There’s never been a new idea proven without first trying it.
Buried midway through an article on the creative process at FastCo Create, "Innovation - You’re Doing It Wrong: How To Put Intuition And Ideas Before Tests And Analyses," you'll find the following passage on the role of intuition in a game where one of two decks of cards is stacked against participants who must decide which deck will be more rewarding. What happens next is an important comment on the nature of creativity.
Subjects were asked to report when they could explain why they favored one deck over another. It required about 50 cards before a participant began to change their behavior and favor a certain deck, and about 80 cards before they became aware of why they did it. Rationality is a relatively slow process. But in addition to asking them to explain their decisions, they also measured their emotional responses by gauging how the electrical properties of skin responded to anxiety and stress.
The experimenters found that the body got 'nervous' after drawing only about 10 cards from the losing decks. Even though the subjects were not consciously aware, their bodies developed an accurate sense of fear and anxiety in response to a bad deck well in advance of the rational mind. The subjects' feelings were faster and more accurate, having figured it out way before the conscious mind was tipped off....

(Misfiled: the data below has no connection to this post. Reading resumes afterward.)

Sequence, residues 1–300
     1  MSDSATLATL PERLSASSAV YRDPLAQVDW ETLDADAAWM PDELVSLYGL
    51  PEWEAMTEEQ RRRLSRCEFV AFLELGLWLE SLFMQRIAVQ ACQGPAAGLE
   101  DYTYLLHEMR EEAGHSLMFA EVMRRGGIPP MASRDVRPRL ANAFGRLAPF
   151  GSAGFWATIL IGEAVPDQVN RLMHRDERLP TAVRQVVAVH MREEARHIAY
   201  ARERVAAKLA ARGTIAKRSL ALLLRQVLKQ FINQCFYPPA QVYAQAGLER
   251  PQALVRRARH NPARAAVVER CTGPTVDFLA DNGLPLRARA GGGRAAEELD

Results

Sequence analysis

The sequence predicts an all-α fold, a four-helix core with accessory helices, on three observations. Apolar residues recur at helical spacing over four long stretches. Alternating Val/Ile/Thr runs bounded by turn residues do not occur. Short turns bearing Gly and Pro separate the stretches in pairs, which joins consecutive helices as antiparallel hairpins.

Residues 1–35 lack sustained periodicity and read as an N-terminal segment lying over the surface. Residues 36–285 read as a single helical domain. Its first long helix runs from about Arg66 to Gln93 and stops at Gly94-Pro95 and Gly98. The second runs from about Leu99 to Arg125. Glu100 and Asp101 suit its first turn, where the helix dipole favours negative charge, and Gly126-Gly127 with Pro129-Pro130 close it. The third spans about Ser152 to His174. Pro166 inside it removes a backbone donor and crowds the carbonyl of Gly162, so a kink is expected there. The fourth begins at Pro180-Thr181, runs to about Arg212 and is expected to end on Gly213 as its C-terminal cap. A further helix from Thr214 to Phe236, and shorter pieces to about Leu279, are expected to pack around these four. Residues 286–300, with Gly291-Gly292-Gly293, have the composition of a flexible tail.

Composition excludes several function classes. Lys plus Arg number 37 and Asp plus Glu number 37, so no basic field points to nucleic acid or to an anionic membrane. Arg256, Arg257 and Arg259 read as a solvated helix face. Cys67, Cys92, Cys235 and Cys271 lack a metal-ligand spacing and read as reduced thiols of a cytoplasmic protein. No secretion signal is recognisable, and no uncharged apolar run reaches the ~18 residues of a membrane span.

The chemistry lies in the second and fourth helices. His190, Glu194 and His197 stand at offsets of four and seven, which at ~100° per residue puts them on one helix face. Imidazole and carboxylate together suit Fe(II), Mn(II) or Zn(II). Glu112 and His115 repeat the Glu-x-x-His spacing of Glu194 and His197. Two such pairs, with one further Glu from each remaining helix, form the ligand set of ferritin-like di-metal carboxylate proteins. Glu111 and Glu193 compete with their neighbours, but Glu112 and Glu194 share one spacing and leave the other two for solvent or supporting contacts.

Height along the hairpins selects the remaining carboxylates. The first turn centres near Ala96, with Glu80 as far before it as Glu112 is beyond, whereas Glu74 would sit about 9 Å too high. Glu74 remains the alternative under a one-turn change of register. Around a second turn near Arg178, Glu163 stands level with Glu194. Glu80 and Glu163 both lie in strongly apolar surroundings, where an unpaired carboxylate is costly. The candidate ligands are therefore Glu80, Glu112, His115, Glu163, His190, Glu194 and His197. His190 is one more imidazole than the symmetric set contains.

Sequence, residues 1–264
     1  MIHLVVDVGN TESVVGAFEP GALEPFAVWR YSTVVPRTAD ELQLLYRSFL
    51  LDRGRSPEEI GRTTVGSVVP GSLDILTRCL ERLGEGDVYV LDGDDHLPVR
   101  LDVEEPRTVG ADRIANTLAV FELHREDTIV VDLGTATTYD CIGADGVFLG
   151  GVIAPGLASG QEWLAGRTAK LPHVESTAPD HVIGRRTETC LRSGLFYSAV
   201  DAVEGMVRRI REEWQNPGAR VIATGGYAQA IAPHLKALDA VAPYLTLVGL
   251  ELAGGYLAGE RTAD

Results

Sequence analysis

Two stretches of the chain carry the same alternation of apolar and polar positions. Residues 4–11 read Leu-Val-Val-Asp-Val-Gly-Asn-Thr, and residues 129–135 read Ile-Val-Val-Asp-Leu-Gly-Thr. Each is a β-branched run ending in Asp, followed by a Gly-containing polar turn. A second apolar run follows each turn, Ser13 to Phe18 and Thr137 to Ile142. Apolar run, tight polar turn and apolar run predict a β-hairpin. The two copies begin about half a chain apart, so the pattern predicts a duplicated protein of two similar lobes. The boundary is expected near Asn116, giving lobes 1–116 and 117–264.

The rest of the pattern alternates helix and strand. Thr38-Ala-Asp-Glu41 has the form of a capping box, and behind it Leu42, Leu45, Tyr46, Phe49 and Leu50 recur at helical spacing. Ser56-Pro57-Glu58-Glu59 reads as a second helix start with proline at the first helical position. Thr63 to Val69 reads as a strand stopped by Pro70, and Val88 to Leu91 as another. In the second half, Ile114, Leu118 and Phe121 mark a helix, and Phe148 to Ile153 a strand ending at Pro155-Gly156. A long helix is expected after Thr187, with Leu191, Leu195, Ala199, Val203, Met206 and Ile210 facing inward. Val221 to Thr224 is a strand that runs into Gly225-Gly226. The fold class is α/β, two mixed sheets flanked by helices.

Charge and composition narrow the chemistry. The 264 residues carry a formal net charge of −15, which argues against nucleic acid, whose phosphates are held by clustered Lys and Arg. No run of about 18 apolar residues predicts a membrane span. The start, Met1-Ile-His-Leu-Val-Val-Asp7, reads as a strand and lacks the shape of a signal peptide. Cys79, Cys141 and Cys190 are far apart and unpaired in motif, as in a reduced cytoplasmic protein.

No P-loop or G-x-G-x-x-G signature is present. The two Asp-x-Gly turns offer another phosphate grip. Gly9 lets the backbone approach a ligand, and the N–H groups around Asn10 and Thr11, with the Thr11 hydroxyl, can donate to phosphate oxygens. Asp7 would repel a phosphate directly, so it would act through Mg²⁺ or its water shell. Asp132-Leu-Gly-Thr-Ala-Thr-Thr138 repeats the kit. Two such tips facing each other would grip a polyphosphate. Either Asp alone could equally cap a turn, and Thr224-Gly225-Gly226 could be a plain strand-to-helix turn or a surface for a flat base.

This [Iowa Gambling Task] is a challenge and metaphor to improve innovation. We can’t prove the profitability of an intuition or idea because it’s simply not open to conscious explanation. And if we wait for rational proof, we won’t get there in time or at all.
"Metrics and measurements" track results. But as a method for greenlighting new projects numbers alone are woefully ineffective, because, as author and branding consultant Douglas Van Praet points out, in the case of consumer products organizations are striving to formalize a buying process that begins with intuition and can't be predicted. Our bodies know what our minds can't fully grasp. The best that measurement can do is to crown a success. As a marketing exercise Van Praet calls the process "test and kill".
The article is a frank acknowledgement of what many from artists to behavior economists to the clergy already know about decision making. The reasoning process doesn't generate feelings because we have beliefs. Reason generates belief because we have feelings. When it comes to truly innovative outcomes, the best metric is very often a better question.